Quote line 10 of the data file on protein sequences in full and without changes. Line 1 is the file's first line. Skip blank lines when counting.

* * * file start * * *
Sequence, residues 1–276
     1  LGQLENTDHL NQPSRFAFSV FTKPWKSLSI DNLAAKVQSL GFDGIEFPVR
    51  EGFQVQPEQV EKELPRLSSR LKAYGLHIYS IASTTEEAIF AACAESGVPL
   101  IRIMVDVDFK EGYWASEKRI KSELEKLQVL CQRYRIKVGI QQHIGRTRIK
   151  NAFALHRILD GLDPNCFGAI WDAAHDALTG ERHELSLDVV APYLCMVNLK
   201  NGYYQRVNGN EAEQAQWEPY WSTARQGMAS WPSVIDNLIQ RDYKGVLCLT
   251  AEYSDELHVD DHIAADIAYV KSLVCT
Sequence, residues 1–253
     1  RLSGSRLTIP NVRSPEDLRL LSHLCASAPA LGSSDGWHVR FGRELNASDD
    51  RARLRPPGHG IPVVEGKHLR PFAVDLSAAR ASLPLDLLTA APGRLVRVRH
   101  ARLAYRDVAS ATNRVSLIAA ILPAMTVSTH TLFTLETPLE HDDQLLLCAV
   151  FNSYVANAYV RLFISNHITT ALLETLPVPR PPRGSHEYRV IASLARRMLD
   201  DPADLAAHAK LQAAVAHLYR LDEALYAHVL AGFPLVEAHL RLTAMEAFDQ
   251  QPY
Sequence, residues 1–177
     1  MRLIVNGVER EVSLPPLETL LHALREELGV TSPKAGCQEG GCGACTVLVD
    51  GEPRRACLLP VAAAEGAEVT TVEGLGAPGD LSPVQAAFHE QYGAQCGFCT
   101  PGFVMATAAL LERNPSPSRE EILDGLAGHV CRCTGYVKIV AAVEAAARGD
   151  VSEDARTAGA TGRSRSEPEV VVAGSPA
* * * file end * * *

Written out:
    51  RARLRPPGHG IPVVEGKHLR PFAVDLSAAR ASLPLDLLTA APGRLVRVRH